Like it or not, we just stepped into a brand New Year. For those who’ve lost an other, a parent, or child the thought of moving ahead is more than layered. The past holds the person who is gone from us and we cling to it fiercely. Though we want and need to move forward, it’s hard not to worry that we will forget the sound of their voice, their scent, the way they hugged, laughed or…sung in the shower. But I don’t think it works that way; the past has a mind of its own.
My once young brother has been gone a very long time. Sometimes I can’t recall the planes of his face or how tall he was but I can still envision his eyes, his pranks and the way he loved anything to do with cars or building radios. We all remember how he would do anything he could think of to tease my father – and it always worked. And that same wise-ass little bro surprised me with a booklet entitled ‘How To Boil Water’ his handwritten engagement joke gift.
His siblings grew up, married, had kids, and he never was gifted with any of it. A long life is promised to no one. To his family, he will always be frozen in time, a 19 year old boy never to forgotten but not his memory not the stark, raw pain that followed his death. His pictures are a bit faded now, the color a fainter hue but he still exists in spirit. No matter how long he’s gone, he’ll always be my little brother. We never forget; the pain just loses some of its bruising edges.
Unlike my brother, my husband died only a year ago and though he certainly wasn’t 19, he was not close to elderly either. The pain of his passing is hardly in the past. The edges have not softened all that much though the holiday just passed was slightly better than last year’s, which was only 6 weeks after he died. I still feel like a newbie on moving-ahead path yet, I’m definitely moving. There’s just no straight path and no matter how many people hold you up, support and encourage you, you are on your own. And sometimes, just when you think you’re on smooth asphalt, you drop like a rock into a pothole. Welcome to reality.
‘They’ say those who’ve gone are still very much present to us; we just can’t see them. Hello? I’m a visual person, not a ouiji board! Still, I’d like to think my brother watches me laughing, knowing I can do MUCH more than boil water. He might even be the culprit for the pictures in my living room always needing to be straightened, a gig he performed often to frustrate my father. I imagine my husband hanging over my shoulder as I try to make his master-chef omelets and could picture him on Christmas chowing down blissfully on my daughter’s famous cupcakes hoping for her weekly delivery. Mostly, I’d like to think he knows that in everything I’ve done this year, I’ve tried to honor him. Growing older without him is not something I look forward to but then, as the joke goes, ‘when I consider the alternative’…..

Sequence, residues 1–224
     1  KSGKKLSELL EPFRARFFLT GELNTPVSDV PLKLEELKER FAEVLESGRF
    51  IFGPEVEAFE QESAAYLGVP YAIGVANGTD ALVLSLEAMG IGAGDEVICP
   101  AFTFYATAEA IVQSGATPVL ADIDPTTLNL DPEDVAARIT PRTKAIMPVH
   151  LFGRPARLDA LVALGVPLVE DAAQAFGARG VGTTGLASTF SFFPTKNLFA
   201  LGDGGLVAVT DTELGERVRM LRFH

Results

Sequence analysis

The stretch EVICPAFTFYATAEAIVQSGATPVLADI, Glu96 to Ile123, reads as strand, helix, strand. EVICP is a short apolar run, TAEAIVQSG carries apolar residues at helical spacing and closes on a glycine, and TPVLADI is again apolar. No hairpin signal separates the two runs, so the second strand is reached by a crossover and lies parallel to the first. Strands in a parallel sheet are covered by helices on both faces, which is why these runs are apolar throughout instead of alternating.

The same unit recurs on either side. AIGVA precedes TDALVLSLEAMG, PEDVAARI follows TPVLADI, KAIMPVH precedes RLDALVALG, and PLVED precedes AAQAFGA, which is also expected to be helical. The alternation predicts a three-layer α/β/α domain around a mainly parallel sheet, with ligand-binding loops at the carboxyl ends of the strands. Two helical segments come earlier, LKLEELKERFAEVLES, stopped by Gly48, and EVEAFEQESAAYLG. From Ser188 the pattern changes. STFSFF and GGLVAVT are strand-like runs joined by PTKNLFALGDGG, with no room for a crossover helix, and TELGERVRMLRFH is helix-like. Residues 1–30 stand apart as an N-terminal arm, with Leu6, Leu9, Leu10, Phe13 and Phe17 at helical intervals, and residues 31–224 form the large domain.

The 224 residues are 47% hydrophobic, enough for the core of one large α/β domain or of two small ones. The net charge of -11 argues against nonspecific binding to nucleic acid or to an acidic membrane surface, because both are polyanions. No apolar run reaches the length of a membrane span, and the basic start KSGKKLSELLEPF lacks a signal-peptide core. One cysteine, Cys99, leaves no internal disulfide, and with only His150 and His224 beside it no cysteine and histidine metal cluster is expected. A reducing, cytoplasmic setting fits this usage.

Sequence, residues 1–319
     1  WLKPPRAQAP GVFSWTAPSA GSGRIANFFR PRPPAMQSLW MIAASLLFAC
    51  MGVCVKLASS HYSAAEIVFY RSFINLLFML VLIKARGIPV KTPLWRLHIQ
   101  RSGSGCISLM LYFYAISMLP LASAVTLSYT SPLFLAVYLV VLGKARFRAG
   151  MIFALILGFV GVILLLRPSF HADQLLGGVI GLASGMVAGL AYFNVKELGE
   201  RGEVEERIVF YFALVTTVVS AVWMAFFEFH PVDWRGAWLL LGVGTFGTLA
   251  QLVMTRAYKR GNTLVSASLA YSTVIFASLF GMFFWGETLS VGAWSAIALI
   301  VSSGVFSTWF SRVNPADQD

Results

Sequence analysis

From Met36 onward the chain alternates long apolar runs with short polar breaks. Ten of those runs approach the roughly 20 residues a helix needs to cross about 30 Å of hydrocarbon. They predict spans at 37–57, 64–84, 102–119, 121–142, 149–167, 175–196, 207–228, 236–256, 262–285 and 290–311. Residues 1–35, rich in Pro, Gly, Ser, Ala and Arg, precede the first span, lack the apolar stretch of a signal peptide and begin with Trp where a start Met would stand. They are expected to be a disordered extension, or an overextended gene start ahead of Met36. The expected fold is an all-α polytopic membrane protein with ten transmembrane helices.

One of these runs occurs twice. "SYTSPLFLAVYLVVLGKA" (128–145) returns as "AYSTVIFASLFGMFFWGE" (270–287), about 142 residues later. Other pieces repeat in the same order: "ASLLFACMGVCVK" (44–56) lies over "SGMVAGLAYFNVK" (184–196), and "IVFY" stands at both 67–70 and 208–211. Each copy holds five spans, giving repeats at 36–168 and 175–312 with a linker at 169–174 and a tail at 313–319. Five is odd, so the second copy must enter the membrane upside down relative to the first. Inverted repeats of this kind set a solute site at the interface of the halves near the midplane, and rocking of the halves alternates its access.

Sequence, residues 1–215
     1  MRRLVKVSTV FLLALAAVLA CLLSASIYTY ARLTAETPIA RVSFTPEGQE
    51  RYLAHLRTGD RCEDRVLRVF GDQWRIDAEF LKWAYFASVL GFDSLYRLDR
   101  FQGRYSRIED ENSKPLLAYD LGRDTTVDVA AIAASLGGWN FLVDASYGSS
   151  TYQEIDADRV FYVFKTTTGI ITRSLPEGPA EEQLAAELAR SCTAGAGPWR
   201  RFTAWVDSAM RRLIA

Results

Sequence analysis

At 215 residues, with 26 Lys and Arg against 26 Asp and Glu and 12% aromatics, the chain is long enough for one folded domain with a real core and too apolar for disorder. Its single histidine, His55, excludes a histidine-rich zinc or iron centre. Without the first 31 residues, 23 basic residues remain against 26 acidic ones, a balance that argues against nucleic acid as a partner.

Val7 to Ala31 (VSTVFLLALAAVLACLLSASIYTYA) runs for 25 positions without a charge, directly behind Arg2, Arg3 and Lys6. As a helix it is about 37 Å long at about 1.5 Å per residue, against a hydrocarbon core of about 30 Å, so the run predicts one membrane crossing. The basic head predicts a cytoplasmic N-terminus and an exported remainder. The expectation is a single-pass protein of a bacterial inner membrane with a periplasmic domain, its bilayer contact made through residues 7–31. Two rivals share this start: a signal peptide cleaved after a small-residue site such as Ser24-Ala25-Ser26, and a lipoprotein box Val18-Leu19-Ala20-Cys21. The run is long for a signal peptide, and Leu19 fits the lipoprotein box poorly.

We’ve just started on the twisty highway marked 2017. If you’re making your way solo, the air seems a little sharper, the sun more glaring. Any numbness or protective fog has passed and ready or not, the only choice we have is to go forward. But, when you consider that not everyone gets that chance, it kind of changes the perspective.
So bring it on, 2017. No, I’m not a transformed person, happily content in my sudden singleness and I certainly wouldn’t have chosen to live without the love of my life. But I have to choose to live each day the way I would have if he were here, maybe even a little better, more aware, and more consciously. Life has a habit of reminding us again and again just how short it is. I’m going to TRY to look at this new year as a new chance to get things right, to make things count, and to make all those I loved who’ve left this world – proud. Thomas Campbell said, “To live on in hearts we leave behind is not to die.” I’m pretty sure our hearts are inhabited by all who’ve touched us and whom we’ve loved. I know, it’s easier to say than feel and see; boy, do I know that.
Maybe I’m just whistling in the new year dark, hoping that our absent loved ones really are by our side.
But, hey, we need all the help we can get.